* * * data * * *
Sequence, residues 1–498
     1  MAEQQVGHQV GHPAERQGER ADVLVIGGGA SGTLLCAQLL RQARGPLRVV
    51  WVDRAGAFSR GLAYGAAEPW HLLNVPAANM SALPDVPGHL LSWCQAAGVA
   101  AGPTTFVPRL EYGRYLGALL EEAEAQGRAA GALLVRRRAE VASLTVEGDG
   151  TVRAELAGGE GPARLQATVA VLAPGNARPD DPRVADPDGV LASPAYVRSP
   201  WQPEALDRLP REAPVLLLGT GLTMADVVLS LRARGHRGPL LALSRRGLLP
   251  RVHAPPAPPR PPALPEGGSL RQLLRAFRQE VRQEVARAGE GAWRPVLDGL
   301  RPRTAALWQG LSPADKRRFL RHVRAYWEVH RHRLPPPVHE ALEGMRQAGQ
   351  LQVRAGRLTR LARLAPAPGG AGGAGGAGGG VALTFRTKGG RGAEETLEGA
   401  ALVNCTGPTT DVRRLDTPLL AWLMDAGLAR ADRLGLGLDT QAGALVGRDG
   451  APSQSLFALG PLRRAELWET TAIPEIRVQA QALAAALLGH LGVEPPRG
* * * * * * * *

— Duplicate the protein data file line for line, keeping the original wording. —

Sequence, residues 1–498
     1  MAEQQVGHQV GHPAERQGER ADVLVIGGGA SGTLLCAQLL RQARGPLRVV
    51  WVDRAGAFSR GLAYGAAEPW HLLNVPAANM SALPDVPGHL LSWCQAAGVA
   101  AGPTTFVPRL EYGRYLGALL EEAEAQGRAA GALLVRRRAE VASLTVEGDG
   151  TVRAELAGGE GPARLQATVA VLAPGNARPD DPRVADPDGV LASPAYVRSP
   201  WQPEALDRLP REAPVLLLGT GLTMADVVLS LRARGHRGPL LALSRRGLLP
   251  RVHAPPAPPR PPALPEGGSL RQLLRAFRQE VRQEVARAGE GAWRPVLDGL
   301  RPRTAALWQG LSPADKRRFL RHVRAYWEVH RHRLPPPVHE ALEGMRQAGQ
   351  LQVRAGRLTR LARLAPAPGG AGGAGGAGGG VALTFRTKGG RGAEETLEGA
   401  ALVNCTGPTT DVRRLDTPLL AWLMDAGLAR ADRLGLGLDT QAGALVGRDG
   451  APSQSLFALG PLRRAELWET TAIPEIRVQA QALAAALLGH LGVEPPRG